2. Heat water to boiling and add sugar, stirring to dissolve. Boil for 5 minutes and set aside. Place blueberries and one bay leaf into jars, leaving ½” headspace. Ladle hot syrup into jars, maintaining ½” headspace. Remove any air bubbles from jars before wiping the rims with a warm, damp dishcloth.
  3. Add lids and attach rings – tighten just until you feel resistance.
  4. Place jars into canner, insuring they are covered by at least 1” of water. Bring to a rolling boil and begin timing: 15 Minutes for ½ Pints and Pints; 20 Minutes for Quarts
  5. Carefully remove jars from canner and allow to cool on a towel-lined countertop.

Now, with your canned blueberries, you can make muffins, syrup, or just eat them on top of cereal, ice cream or yogurt. Enjoy!

What’s in Season in July? Zucchini!

growing-zucchini-how-to-grow-zucchini-summer-squash2Someone I know said “We’re not even growing any zucchini in our garden this year!” because it is so very prolific and some members of her family aren’t big fans. Zucchini definitely grows well, but it is also incredibly versatile in the kitchen, playing the lead role in savory dishes as well as sweet ones. It can be cut and roasted or sautéed, baked into breads, used as a pizza topping or even made into noodles and eaten like spaghetti!

Even the blossoms of this large plant are edible! If you decide to harvest them, make sure you grab only the male blossoms, saving the females to grow the fruit!

zucchini blossoms male female

Thinking about growing zucchini in your garden?

Soil preparation: Zucchini likes well-drained, fertile soil that’s been amended with lots of compost.

Planting: Plant seed outdoors when the soil temperature has reached 60°F—about a week after the last frost.

Spacing: You want to give your squash a lot of room to spread out and grow. Plant them about 3 to 4 feet apart in rows 8 to 12 feet apart.

Watering: Zucchini like consistently moist soil. To prevent problems with disease, always water from below.

Fertilizing: Spray plants with compost tea two weeks after seedlings come up. Spray again in three weeks or when the first flowers appear.

Special hint: If space is limited, put up a trellis for vertical support.

Pest Watch 
Pale to brown blotches on leaves are the work of squash bugs. Squash vine borers cause plants to wilt suddenly.

Disease Alert 
Powdery mildew may strike the plants, leaving whitish powdery spots on leaves that turn brown and dry. Plants that wilt and ooze a sticky sap when cut may be infected with bacterial wilt, which is spread by cucumber beetles.

Harvesting 
Harvest zucchini when the fruits are still small—about 3 to 4 inches across or 4 to 6 inches long. You can store zucchini in the refrigerator for about a week.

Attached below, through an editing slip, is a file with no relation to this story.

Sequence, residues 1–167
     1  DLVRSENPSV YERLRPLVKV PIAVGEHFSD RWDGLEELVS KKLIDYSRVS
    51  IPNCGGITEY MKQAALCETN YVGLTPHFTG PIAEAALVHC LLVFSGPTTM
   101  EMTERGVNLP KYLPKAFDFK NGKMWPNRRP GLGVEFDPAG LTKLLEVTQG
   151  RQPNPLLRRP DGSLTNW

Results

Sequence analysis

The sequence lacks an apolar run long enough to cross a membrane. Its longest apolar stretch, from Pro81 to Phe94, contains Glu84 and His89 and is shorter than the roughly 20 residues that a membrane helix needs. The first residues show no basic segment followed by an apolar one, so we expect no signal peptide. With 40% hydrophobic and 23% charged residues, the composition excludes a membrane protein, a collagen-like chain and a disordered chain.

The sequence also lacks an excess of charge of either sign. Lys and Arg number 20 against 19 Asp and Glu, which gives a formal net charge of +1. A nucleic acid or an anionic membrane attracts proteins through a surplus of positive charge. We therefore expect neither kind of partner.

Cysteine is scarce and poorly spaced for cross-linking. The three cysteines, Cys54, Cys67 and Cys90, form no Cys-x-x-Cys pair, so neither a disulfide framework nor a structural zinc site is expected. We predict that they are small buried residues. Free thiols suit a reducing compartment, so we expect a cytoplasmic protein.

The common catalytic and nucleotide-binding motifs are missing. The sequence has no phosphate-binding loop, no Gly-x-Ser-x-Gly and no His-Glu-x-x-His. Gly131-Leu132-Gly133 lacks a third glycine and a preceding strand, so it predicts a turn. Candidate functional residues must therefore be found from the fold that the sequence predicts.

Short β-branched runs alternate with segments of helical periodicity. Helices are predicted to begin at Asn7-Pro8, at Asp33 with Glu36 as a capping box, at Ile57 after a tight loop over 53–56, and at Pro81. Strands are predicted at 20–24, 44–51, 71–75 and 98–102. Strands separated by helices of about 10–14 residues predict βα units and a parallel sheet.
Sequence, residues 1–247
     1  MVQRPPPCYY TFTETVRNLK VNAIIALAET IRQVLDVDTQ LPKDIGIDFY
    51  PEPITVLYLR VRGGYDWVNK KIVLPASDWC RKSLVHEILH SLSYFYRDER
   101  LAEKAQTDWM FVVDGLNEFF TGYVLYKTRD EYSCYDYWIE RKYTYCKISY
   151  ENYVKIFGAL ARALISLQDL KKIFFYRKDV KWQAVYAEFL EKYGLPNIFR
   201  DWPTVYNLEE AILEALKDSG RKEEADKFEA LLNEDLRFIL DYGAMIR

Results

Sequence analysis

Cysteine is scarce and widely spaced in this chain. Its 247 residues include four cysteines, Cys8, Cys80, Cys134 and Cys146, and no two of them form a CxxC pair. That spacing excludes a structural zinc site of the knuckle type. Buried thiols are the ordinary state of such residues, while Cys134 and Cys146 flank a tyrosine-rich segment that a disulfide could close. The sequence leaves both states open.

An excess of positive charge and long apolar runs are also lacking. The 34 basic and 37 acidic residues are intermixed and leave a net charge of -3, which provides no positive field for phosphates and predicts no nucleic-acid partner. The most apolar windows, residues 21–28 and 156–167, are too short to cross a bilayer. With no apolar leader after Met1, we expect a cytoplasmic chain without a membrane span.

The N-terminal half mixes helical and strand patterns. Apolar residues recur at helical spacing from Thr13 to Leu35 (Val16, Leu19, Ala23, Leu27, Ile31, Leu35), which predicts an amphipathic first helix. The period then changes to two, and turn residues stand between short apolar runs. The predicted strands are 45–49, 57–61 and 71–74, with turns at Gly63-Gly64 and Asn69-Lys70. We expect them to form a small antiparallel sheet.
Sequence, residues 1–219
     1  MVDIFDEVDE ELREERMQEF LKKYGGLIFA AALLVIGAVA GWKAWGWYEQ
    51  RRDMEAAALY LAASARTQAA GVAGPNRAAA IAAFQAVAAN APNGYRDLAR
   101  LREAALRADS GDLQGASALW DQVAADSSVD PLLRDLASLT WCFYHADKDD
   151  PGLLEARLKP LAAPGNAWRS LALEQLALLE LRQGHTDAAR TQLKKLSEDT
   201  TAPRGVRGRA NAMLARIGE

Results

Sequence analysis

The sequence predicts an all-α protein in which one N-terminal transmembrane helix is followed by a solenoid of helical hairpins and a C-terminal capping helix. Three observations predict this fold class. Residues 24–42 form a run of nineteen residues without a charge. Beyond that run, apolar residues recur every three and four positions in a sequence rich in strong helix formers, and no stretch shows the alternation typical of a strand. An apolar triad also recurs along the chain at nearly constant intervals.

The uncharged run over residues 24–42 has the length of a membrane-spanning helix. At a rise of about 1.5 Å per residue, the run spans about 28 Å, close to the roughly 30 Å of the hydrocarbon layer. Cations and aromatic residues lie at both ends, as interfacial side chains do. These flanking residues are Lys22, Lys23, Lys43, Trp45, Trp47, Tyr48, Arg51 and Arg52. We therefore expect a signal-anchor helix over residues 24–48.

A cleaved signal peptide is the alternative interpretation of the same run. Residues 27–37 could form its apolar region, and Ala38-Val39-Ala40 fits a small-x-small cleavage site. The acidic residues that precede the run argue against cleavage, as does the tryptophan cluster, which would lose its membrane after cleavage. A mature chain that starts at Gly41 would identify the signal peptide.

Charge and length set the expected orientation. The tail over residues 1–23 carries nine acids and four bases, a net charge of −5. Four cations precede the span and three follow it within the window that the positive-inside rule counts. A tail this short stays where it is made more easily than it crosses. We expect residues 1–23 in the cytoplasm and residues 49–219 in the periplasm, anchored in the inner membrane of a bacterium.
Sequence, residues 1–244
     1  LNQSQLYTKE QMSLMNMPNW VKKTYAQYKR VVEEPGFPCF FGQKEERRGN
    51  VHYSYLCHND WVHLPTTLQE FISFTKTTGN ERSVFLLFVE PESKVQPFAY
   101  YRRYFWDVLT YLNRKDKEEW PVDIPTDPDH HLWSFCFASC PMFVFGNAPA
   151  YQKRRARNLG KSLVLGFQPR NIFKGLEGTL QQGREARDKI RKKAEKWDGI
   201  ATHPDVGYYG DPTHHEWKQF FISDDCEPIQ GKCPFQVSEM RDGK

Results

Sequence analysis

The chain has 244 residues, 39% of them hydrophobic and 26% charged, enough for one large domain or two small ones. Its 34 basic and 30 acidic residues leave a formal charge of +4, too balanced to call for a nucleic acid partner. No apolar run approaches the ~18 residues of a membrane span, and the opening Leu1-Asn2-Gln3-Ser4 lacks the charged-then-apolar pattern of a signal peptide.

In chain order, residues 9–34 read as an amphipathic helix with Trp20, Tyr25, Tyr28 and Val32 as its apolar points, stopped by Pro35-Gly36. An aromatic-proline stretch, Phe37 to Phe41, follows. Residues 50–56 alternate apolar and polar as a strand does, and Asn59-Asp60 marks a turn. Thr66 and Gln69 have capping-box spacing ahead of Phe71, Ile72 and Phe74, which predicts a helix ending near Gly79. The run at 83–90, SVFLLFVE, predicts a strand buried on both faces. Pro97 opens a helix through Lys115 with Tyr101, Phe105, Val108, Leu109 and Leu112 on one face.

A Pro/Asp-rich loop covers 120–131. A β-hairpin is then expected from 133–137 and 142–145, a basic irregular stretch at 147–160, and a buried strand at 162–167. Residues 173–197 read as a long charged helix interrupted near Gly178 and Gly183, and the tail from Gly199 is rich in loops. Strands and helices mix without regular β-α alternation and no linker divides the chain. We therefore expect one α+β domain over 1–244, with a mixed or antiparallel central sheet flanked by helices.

Source: http://www.organicgarding.com

Need a recipe?

This recipe came from a member of the CSA for which I work. It comes with such a high recommendation it’s the first recipe I’m sharing that I haven’t prepared myself yet!

Zucchini Cobbler

photo credit: dazzledish.com

photo credit: dazzledish.com

Ingredients

Fruit
8-10 cups zucchini, peeled, cubed and seeded
1 cup sugar
2/3 cup lemon juice
2 tsp. cinnamon
½ tsp. fresh nutmeg

Cobbler
4 cups all-purpose flour
2 cups sugar
1½ cups chilled butter
2 +/- tsp. cinnamon
1 cup granola or oats (optional)

Directions

1) Place the prepared zucchini in a bowl with 1 cup of sugar, stir frequently and let sit until the water is drawn out of the zucchini and a syrup has formed (this process can take a few hours or it can sit over night).

2) Add lemon juice, cinnamon, and nutmeg. (If you’re in a hurry, you can expedite by cooking the zucchini, sugar, lemon juice, cinnamon, and nutmeg.)

3) In a separate bowl: mix flour, the remaining 2 cups of sugar, and butter. Blend together using a pastry knife (or butter knife).

4) Mix 1/2 cup of the pastry mixture in with the zucchini as a thickener and place 1/2 of the remaining mixture in the bottom of a greased baking dish. Use your hands to press it into the dish to form a crust.

5) Pour the zucchini mixture on top of the crust. Add to the remaining pastry mixture and your ‘finishing touches’ (cinnamon, granola, oats, etc.). Pour this mixture on top of the zucchini. Place in the oven and bake at 375 for 30-45 minutes.

Recipe: Zuccanoes

This is a yummy, vegetarian dish featuring a prolific summer vegetable we always seem to have too much of… I love this recipe just the way it is though I usually add the cheese halfway through the baking time to minimize burning. Any leftover “filling” is perfect for lunch the next day!

Stay tuned throughout July for some more great zucchini recipes!

Moosewood Zuccanoes

photo credit: thesuechef.blogspot.com

Zuccanoes
from The New Moosewood Cookbook by Mollie Katzen

Ingredients

4 medium zucchini (about 2 lbs)
1-2 Tbs olive oil
1 1/2 cups minced onion
1 tsp salt
1/2 lb minced mushrooms
1 1/2 cups cooked rice
1 1/2 cups minced almonds or pecans (lightly toasted)
3 Tbs fresh lemon juice
Black pepper and cayenne pepper, to taste
A few pinches of freshly minced (or dried) herbs (any combination of parsley, basil, dill, thyme, or marjoram)
1 cup (packed) grated Swiss or cheddar cheese

Directions

  1. Cut the zucchini lengthwise down the middle. Use a smallish spoon to scoop out the insides, leaving a canoe with a 1/4-inch shell. Mince the insides, and set everything aside.
  2. Heat the olive oil in a medium-sized skillet. Add the onion and salt, and saute over medium heat until the onion is soft (5-8 minutes).
  3. Add the minced zucchini innards and the mushrooms. Turn up the heat and cook for about 8 minutes, stirring, letting the liquid evaporate. Stir in the garlic and remove from heat.
  4. Stir in the rice and nuts, along with the lemon juice, and season to taste with black pepper, cayenne, and the herbs of your choice.
  5. Preheat oven to 350 degrees. Fill the zucchini shells, top with cheese, and bake for 30-40 minutes, or until heated through.